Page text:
Tuesday, July 22, 2014

The Same Old Short Story

Fond as you are of novels and, indeed, eager as you are to finish work on a nonfiction work in progress in order to get at a novel that has essentially been filing habeas corpus petitions in its desire to get attention, a visitor to your residence would have a difficulty getting a read on your tastes.  

 That would change when the visitor came to the south south eastern corner, where a dedicated shelf, a reading chair, and the nearby eastern wall betray you.

The closest you've come to hearing from a person inside your small studio living quarters, "You sure have a lot of books," came when a FedEx driver, after your signature, surveyed the arrangement, then observed, "You get in a lot of reading, I see."

Relative to the overall space and arrangement of your living quarters and the ongoing invitations of books to take up residence, you have a noticeable amount of books but not the overwhelming number you had before moving here, thinking to take only a hundred of your favorites.  Nor are you likely to have any guests who are themselves not readers.  Nor do you have that many books in electronic format, lurking on your computers or tablets.

With the possible exception of the kitchen, most of the things of any interest are under stacks of books or surrounded by them, and the kitchen is not by any means innocent of books:  Two shelves are packed to overflow, and the south wall has a badly improvised stack, teetering to the level of the windows.

Nothing to be said about the stairway leading to the main room, its western wall close to becoming a hazard.  Also noting except this scant sentence about the books among the linen shelves in the bathroom.  Thus your adopted and adoptive family, titles you've acquired in the three-and-a-half years of your residence at 409 E. Sola Street.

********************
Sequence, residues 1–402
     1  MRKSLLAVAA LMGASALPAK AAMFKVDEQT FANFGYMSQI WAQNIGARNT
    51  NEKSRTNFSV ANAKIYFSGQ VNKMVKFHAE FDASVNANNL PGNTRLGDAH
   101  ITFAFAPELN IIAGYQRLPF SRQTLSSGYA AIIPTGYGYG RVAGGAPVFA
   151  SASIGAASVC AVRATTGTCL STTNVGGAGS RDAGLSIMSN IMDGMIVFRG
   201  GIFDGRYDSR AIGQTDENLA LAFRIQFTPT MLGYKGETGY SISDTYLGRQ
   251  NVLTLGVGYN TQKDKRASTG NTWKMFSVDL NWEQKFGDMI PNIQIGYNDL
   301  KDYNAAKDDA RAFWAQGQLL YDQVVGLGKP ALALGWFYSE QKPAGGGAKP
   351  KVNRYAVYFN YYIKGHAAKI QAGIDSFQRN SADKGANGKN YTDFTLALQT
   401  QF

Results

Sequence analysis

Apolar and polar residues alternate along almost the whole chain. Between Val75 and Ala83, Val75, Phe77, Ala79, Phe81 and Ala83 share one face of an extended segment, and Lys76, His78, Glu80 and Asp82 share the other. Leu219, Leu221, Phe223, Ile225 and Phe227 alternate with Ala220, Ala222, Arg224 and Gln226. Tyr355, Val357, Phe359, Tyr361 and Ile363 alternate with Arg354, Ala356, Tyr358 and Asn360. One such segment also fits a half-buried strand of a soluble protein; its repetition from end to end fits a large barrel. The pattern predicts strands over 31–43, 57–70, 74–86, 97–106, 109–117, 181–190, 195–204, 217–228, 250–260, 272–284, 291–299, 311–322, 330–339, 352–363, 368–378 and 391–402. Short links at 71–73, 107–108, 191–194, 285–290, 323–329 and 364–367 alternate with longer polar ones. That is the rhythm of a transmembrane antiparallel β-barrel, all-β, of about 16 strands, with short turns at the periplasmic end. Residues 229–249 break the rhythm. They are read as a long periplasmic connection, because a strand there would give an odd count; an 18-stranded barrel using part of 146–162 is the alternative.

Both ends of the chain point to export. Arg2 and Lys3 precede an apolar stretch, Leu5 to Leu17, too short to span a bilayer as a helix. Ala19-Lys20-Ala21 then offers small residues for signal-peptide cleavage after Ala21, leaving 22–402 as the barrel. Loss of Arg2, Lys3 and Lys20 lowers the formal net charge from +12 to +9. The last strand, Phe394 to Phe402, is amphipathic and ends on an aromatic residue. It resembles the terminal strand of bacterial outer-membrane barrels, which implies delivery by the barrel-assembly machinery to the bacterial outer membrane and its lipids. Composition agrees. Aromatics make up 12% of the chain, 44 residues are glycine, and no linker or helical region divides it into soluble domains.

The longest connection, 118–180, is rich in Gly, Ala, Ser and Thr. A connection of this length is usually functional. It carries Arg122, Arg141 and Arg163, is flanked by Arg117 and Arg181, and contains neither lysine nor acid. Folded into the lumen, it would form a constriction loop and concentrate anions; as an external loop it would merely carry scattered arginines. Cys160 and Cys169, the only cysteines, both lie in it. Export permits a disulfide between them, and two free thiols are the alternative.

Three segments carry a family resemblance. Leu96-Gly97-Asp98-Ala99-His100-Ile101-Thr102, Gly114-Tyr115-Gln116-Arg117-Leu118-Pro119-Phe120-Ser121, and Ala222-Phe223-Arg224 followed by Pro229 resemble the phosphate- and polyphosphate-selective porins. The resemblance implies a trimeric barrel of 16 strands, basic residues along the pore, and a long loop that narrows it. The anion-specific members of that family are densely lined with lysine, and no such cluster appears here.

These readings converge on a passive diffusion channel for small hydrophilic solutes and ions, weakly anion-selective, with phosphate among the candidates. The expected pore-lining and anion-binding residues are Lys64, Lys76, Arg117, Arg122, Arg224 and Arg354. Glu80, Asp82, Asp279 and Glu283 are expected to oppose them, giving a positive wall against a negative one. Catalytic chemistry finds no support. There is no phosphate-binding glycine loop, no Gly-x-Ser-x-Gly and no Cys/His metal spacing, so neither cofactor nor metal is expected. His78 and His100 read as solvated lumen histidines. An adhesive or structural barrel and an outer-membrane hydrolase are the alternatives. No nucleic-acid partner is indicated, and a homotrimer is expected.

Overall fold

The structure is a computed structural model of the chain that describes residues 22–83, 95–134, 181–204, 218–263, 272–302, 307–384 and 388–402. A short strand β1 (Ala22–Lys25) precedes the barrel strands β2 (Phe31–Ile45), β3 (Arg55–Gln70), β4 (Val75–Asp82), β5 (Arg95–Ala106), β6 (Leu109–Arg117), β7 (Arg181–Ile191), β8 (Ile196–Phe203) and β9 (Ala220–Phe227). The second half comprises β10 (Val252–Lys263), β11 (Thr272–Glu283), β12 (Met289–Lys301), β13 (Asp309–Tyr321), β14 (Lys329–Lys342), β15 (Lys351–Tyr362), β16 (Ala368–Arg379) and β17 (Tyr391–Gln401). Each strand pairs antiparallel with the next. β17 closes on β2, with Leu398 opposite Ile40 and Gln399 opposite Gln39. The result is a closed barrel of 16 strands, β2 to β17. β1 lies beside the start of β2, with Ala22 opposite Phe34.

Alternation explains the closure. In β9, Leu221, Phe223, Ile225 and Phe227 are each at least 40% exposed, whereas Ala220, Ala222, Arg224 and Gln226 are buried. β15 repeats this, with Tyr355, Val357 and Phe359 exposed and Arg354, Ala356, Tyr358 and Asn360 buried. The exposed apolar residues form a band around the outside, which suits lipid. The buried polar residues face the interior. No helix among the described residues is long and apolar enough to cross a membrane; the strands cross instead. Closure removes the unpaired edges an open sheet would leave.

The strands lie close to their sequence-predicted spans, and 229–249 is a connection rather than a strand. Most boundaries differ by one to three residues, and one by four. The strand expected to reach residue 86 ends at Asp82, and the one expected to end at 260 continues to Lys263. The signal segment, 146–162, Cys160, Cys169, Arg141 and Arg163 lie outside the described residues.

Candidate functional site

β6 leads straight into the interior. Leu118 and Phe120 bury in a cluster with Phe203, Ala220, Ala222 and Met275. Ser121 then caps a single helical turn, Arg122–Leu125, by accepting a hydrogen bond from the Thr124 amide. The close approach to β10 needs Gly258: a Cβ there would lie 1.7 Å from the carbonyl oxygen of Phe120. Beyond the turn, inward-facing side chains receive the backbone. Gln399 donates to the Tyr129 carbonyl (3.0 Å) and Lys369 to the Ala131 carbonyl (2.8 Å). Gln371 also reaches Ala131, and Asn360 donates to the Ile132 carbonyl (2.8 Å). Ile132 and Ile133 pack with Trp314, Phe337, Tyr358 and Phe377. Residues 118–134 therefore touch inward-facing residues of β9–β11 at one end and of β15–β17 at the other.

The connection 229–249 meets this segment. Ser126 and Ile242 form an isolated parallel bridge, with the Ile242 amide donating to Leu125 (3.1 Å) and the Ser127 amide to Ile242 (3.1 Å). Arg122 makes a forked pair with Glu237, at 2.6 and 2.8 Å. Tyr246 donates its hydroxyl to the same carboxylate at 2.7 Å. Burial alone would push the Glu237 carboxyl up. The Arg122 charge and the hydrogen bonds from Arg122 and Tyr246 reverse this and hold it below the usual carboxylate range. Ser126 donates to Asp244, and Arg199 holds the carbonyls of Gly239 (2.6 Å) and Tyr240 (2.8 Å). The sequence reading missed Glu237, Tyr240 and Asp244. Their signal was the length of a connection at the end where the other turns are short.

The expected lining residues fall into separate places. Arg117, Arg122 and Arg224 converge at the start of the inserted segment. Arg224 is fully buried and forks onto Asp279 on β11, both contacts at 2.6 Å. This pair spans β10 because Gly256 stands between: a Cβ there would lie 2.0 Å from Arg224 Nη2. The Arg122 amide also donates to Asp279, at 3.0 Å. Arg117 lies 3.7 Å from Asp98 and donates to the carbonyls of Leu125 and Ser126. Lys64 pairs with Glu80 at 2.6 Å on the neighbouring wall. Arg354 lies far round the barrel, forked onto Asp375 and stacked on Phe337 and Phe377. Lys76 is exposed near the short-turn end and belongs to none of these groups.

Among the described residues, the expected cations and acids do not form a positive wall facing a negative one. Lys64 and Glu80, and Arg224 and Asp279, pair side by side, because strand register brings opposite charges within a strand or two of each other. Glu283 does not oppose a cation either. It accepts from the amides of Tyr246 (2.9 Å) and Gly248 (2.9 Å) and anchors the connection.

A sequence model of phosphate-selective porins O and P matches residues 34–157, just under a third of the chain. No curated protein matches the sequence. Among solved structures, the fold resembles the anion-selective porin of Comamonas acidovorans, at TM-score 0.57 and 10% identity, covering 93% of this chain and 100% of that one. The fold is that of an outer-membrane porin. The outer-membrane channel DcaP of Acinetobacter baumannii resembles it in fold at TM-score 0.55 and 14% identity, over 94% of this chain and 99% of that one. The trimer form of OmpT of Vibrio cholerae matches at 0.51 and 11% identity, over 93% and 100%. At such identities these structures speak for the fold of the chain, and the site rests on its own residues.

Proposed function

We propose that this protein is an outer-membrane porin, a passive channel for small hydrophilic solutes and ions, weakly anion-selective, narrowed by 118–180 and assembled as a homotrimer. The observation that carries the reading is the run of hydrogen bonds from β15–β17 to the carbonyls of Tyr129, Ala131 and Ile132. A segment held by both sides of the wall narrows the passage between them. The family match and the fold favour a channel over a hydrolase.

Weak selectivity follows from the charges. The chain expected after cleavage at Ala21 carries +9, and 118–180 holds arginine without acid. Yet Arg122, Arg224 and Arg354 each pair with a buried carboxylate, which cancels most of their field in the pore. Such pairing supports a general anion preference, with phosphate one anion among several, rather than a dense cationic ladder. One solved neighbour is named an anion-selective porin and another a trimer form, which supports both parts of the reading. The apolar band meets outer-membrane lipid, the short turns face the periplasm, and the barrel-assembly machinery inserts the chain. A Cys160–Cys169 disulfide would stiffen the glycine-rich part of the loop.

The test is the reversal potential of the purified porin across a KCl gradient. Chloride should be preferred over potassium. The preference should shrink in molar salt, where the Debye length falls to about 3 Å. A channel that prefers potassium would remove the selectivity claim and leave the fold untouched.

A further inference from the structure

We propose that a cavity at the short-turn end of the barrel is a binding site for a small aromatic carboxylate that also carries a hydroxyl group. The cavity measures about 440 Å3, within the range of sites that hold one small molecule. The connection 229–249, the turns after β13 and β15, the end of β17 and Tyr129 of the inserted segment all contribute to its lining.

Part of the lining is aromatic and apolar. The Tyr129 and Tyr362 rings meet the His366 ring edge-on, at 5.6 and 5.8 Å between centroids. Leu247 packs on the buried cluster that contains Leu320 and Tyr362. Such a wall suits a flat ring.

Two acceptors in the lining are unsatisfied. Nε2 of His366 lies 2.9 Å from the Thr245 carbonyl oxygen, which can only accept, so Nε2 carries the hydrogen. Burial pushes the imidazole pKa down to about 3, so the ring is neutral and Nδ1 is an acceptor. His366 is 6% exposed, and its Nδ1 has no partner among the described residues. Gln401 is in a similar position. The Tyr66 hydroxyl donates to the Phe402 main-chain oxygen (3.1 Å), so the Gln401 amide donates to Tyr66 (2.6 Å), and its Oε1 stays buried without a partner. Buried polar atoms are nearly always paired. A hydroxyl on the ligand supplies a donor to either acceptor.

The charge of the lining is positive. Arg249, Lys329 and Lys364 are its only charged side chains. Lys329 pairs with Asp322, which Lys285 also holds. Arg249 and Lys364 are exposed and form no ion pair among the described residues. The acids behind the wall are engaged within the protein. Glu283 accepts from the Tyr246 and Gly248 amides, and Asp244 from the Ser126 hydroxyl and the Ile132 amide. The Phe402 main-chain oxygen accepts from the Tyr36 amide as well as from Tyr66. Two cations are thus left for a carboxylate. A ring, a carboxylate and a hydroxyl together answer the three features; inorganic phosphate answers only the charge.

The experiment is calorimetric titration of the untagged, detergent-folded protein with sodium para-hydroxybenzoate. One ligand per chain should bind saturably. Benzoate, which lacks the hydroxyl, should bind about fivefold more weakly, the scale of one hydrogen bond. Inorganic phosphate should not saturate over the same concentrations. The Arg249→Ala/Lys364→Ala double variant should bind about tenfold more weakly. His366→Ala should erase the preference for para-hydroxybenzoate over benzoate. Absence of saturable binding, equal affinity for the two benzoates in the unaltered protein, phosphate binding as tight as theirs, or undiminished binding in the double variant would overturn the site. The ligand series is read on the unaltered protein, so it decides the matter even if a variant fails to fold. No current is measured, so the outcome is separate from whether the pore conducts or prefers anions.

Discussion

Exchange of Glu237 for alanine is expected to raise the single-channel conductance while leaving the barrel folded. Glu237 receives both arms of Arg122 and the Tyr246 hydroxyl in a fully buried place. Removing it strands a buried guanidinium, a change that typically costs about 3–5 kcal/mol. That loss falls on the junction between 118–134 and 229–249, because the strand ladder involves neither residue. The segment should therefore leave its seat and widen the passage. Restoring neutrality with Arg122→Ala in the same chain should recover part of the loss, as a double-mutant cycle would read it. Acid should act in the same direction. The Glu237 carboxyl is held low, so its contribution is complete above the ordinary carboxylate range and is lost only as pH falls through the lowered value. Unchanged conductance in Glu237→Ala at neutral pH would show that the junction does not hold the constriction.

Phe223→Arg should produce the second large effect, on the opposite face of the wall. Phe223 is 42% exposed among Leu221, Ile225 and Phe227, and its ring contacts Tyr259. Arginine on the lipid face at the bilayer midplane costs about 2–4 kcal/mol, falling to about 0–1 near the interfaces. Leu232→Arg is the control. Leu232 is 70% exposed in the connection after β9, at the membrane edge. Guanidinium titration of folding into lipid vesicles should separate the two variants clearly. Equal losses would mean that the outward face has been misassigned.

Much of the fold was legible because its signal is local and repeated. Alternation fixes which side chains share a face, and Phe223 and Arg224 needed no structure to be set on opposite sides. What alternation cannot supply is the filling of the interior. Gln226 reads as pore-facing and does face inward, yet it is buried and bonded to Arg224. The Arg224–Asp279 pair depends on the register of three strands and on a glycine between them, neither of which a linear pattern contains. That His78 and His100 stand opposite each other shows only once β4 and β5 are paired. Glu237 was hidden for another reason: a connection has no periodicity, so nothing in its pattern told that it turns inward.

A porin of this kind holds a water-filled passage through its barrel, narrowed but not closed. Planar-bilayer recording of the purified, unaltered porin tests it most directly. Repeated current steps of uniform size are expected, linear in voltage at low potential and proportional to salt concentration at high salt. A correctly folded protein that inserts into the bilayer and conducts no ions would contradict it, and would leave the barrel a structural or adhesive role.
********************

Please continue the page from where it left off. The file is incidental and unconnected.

You might slip in a sentence or two about books in or about the patio table and, of course, scattered about your car, for what is a car to you without a book or two, just in case you find yourself somewhere with time enough on your hand for a paragraph or two or perhaps even a page.

The bookshelf of your betrayal, which is what this essay is about, is your collection of short story collections, most of them single-author as opposed to anthologies.  But the west wall of previous mention has a number of those.  This is the domain of books filled with your favored reading material, the short story.

The beginnings of research for a course you will teach, featuring the short stories of D.H. Lawrence, got you to thinking about your preferences and your association with your preferences and the times you were caught out in rain storms.  You do not merely think about D. H. Lawrence in the sense of, oh, yes, he wrote poetry and novel and essays and some short stories.  Some is putting it in mild terms.  Some! is better.  At least two thick volumes of them, which you remove from the shelves, where they reside between Ursula K. LeGuinn and Ella Leffland.

In and about this shelf are many of the stories and writers who comprise as much of what you've wished to be from time to time as you could let yourself recognize.  Many of the volumes are inscribed to you by the authors, and one of them, a collection of William Maxwell, could have been, if you'd have trusted the book review editor to follow through on his promise of getting the book autographed.